Health and Social Care
Launch of Consultation on the National Care Standards
This week saw the launch of a consultation on the draft over-arching principles of the new National Care Standards.
Many people will be aware that the Care Inspectorate and Healthcare Improvement Scotland are leading the development of Scotland’s new National Care Standards. These will be developed with people who use services, providers and other interested parties, and the overarching Principles will apply across all health and social care services. Later, there will more detailed standards, both general and specific, which will apply to specific sectors and services.
We all want high-quality services which provide high-quality, compassionate care for everyone. Until 10 December 2015, we will consult on these draft overarching Principles, which will apply to all care services, hospitals, independent healthcare, NHS surgeries, social work provision, early learning and childcare, and many more.
The draft Principles are that everyone has the right to:
- be respected
- be included
- be treated fairly
- a responsive service
- be safe
- personal wellbeing
After the consultation has finished on 10 December 2015 and people’s views considered, the final Principles will be rolled out from April 2016.
We will then draft the new more detailed standards and consult on them. We anticipate that the new detailed National Care Standards will be rolled out from 2017 and will form the basis for scrutiny after that.
Your views matter. Help us to develop the Principles and the new National Care Standards and shape the future of health and social care in Scotland. Take part in our consultation at www.newcarestandards.scot where you can also view a short film about the consultation and keep up-to-date with ongoing developments.
We’re changing how we inspect
Also, and as part of a separate development, the Care Inspectorate will be changing how we inspect and support care providers to improve. In future, our inspections will be based on outcomes for people using services, underpinned by human rights. The changes take account of wider social health and care issues, including the development of the new National Care Standards.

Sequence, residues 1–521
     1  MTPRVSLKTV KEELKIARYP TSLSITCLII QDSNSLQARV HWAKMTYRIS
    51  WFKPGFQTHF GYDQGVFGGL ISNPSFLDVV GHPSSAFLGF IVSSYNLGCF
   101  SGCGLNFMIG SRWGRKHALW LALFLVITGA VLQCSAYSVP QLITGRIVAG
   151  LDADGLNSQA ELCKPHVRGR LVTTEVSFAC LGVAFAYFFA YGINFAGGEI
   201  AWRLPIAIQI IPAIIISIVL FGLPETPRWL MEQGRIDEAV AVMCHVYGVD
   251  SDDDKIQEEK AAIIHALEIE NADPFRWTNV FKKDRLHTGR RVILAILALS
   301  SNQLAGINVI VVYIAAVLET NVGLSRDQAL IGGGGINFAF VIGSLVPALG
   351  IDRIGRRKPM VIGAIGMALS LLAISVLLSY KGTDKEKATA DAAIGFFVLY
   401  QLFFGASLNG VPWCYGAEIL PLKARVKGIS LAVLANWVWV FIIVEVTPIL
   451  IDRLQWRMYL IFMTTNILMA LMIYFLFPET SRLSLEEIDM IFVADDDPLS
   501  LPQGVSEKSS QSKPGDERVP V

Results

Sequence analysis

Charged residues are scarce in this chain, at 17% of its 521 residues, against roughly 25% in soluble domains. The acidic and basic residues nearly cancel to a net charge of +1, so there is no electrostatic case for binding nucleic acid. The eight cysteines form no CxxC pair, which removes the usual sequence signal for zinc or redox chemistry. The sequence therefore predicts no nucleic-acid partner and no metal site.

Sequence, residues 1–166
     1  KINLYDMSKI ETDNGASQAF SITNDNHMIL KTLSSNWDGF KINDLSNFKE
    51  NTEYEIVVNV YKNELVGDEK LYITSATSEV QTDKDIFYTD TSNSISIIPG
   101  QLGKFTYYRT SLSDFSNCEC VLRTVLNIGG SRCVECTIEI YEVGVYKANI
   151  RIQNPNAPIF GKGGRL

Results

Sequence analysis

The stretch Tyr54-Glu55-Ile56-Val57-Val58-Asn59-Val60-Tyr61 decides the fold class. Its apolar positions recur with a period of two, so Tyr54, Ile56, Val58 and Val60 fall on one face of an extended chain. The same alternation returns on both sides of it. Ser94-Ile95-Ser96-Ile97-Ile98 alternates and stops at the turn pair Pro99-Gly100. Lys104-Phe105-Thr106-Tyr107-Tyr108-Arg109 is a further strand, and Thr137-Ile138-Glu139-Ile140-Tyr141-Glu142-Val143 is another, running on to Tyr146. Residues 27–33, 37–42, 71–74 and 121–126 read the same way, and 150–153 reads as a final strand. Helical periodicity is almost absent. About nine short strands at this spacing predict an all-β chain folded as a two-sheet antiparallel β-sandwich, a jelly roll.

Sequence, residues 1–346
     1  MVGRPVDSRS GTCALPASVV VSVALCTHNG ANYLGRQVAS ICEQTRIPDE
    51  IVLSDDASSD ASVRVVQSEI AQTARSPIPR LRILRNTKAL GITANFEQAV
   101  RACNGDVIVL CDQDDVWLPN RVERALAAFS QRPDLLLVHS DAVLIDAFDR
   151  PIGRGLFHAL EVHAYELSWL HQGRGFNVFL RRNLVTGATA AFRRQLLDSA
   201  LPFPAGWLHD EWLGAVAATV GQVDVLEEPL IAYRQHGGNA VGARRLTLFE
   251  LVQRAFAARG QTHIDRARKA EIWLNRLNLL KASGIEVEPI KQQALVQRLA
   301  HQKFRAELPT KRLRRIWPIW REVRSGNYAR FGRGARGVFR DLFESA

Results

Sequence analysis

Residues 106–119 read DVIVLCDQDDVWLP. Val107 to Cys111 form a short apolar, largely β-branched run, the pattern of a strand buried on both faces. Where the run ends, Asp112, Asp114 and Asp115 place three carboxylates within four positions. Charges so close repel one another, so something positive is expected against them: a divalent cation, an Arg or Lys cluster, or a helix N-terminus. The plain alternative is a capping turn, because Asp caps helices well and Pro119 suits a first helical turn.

This year, we are testing out some new inspection types:
- Follow-up inspections – where a care home or other service is performing poorly and needs a second inspection in a year, which will focus on the requirements made at the first inspection. These won’t automatically award new grades.
- Thematic inspections – where we will examine a key issue across a representative number of services and focus our reporting on performance relating to that key issue. We are testing 36 of these in high-performing care homes for adults, looking in detail at the Keys to Life. These won’t award new grades.
- Validation inspections – where we will pilot about 100 validation inspections in 2015/16 in highly performing services were there are no concerns to assure the public that previous high standards are being maintained and report on what makes them so good. Some nurse agencies and housing support services will be included in this pilot.
- Early years focused inspections – where we will look at the providers’ quality assurance systems in around 36 day care of children services and how they monitor and ensure good outcomes for children. These will award grades by themes, but not for individual quality statements.
At the end of our review, we want to have these specific changes in place.
- A new inspection framework, linked more closely to the National Care Standards
- Examples of ‘very good’ and ‘weak’ practice by service type
- An evaluation framework, shared with providers, showing how we award grades
- An inspection and improvement toolbox which we inspect against and providers can use for their own quality assurance.
- More robust, dynamic self-assessment
- Clearer intelligence to better target our scrutiny and be more proportionate in highly-performing services
- More support for improvement
- Shorter, clearer inspection reports
Director of Strategic Development, Care Inspectorate